Taijiquan came from a small village called Chen Village (Chenjiagou). However at the beginning of the 1920's people began to create myths and stories about the origins of various different skills. One of these stories said that taijiquan originally came from the Daoist Monk Zhang Sangfeng of Wudang Mountain and that it dates back over a thousand years to the Yuan Dynasty.

The story says that one day, on Wudang Mountain he came across a fight between a snake and a crane. He observed the movements of the animals and from this he created taijiquan. This skill he passed on to his student, who in turn passed it on to their students and eventually it was passed on to a man named Jiang Fa. Jiang Fa passed it on to the Chen village. Then Chen Chanxing, who was of the fourteenth generation of the Chen family, taught Yang Luchan.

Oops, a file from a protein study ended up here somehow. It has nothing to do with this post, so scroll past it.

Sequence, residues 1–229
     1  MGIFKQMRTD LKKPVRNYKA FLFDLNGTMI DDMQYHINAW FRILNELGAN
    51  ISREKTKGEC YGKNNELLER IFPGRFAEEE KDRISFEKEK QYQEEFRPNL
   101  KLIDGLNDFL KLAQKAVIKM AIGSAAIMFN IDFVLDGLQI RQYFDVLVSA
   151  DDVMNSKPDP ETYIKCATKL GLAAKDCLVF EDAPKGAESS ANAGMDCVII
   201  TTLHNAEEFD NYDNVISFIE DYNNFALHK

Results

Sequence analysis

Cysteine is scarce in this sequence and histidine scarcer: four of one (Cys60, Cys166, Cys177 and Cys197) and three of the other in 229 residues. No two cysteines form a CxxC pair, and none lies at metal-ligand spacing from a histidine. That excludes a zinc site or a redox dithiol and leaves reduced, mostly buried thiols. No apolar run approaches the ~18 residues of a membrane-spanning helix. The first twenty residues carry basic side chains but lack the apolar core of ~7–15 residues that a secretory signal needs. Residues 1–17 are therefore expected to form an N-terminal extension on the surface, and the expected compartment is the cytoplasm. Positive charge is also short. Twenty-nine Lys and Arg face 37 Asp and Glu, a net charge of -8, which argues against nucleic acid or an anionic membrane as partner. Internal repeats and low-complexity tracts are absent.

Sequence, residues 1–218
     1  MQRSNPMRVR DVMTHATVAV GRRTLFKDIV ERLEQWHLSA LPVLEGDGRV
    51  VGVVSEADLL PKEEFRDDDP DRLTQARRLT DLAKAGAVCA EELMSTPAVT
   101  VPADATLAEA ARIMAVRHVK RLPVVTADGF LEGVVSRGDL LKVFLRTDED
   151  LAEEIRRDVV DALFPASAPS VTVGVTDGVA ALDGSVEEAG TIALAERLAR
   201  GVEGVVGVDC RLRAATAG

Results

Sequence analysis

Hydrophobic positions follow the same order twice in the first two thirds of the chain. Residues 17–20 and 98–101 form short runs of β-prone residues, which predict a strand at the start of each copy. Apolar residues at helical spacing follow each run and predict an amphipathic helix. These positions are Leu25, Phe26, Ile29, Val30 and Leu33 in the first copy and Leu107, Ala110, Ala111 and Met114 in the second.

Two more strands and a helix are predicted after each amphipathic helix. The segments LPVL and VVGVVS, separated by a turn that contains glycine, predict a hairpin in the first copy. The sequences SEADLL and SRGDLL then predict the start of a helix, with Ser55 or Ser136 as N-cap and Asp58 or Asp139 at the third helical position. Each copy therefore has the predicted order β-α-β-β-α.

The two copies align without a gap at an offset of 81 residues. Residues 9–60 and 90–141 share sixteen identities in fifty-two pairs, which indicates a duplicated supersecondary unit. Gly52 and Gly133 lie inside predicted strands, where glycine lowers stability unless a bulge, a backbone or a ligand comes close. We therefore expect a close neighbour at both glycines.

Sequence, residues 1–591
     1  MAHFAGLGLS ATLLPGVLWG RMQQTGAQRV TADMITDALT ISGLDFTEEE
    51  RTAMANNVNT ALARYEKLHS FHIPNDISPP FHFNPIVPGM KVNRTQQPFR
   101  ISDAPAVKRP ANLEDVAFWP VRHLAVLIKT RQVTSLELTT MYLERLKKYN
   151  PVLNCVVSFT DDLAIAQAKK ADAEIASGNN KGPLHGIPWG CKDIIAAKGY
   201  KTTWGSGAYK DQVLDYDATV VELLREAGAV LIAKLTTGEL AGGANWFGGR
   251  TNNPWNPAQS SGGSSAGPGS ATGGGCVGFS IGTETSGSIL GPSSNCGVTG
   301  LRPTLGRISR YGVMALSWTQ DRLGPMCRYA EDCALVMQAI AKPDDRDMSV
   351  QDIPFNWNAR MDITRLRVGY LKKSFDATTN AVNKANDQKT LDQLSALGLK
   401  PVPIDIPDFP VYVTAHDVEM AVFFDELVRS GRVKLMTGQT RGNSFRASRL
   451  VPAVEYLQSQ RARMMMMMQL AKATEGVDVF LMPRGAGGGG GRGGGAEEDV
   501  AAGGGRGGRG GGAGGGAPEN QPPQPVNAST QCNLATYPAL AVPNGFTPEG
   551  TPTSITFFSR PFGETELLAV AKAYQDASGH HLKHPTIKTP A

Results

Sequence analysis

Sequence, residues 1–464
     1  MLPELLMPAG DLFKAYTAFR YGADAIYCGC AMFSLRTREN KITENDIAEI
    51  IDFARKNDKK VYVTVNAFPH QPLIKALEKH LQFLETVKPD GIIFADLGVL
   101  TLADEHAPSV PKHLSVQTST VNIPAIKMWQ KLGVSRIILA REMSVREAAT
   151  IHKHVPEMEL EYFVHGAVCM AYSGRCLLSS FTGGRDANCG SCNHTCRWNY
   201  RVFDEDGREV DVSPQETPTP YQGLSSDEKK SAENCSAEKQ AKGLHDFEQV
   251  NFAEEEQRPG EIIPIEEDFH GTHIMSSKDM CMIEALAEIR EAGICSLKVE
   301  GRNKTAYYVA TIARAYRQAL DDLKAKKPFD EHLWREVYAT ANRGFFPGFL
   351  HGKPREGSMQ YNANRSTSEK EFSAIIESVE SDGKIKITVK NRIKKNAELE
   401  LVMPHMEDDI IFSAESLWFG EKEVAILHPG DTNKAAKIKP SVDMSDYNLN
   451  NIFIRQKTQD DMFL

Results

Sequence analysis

These incredible stories made the skill more mystical and exciting for beginners, but actually, Jiang Fa was a student of Chen Wangting. This was recorded on a very old drawing showing the two of them together.

Unfortunately this drawing was destroyed during the Cultural Revolution, but the old people of Chen Village still remember it.

Yang Luchan inherited taijiquan and went to Beijing where he became very well known. His skill impressed many martial artists in Beijing and people began to call him "Unbeatable Yang". From then, taijiquan became popular throughout China.

Yang Luchan became the teacher of many high officials within the government, and so to make the skill easier for them, he began to simplify it. He did not abandon the original skill, but taught it to his own family who all trained very hard. His grandson, Yang Cheng Fu, modified and simplified their Yang Style Taijiquan further, making it easier to learn and he opened it to the public.

It is true that when something is simple and easy it will spread more quickly and become more popular, but the traditional skills should also be maintained and preserved, otherwise we will only be left with simple things.